Yet, a solution to this global health threat is available today, and it could quickly help 250 million preschool children around the world who are vitamin-A deficient, as estimated by the World Health Organization

That said, exactly how many countries today are growing "Golden Rice" – a genetically-modified seed with three genes that produce beta-carotene, a vitamin-A precursor – to assist their underfed and vulnerable populations?

Zero.

Yes, it's difficult to fathom,...

When we order food at a restaurant or buy it from a grocery store, we expect that we are getting what is listed on the menu or label. But a growing body of evidence suggests that simply isn't the case.

A scandal in the UK broke out when it was discovered that some beef had been replaced by horse meat. Hot dogs in Malaysia may contain unexpected things, like buffalo meat. Cheese classified as Parmigiano-Reggiano is possibly fraudulent. In fact, food fraud appears to be a particular problem in the seafood industry, where cheap fish is regularly substituted for...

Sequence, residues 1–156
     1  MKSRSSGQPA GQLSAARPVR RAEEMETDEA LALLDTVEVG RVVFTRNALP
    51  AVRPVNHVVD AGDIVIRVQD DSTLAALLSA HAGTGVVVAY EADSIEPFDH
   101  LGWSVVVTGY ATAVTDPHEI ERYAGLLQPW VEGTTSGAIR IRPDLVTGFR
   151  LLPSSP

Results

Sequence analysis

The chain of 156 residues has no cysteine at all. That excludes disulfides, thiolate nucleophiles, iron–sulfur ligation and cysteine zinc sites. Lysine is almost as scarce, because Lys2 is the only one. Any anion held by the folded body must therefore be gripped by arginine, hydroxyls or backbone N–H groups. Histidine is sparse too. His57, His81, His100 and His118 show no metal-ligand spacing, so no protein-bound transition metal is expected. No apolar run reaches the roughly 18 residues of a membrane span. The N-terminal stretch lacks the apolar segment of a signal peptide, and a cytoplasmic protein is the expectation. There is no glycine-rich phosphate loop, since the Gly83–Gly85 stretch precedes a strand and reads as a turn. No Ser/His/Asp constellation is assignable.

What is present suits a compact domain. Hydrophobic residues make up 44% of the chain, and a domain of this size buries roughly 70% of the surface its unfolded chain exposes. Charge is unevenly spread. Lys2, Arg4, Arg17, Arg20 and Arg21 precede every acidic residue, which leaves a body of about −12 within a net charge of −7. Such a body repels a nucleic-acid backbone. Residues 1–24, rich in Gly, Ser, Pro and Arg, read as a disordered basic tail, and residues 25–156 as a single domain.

One final observation on our great post-war successes in controlling malaria by targeting its vector, the Anopheles mosquito. By using that most marvelous insecticide DDT, we were beginning to gain the upper hand in our conquest of malaria as clearly demonstrated in the table below.

...

Country

Malaria occurrence per annum prior to introduction of DDT

Malaria occurrence per annum after the introduction of DDT

Sardinia

Immunology studies how we maintain our body’s integrity. When one thinks of immunology, it is the mechanisms of our defense that first come to mind. White blood cells converging on bacteria, antibodies identifying a biological threat. But hidden within these mechanisms is “immunity’s central motif,” our definition of self and other. I think every parent has a moment when speaking with their child, that they begin channeling their parents. Why am I hearing my father’s words and tone as I counsel or console my son? How did my father come to reside within my ‘self?’ What boundary conditions separate us from other? Why, does it feel at times so clear-cut and others so amorphous? Differentiating self from other has many scales, not just immunology or my internalized parent’s voices. Self...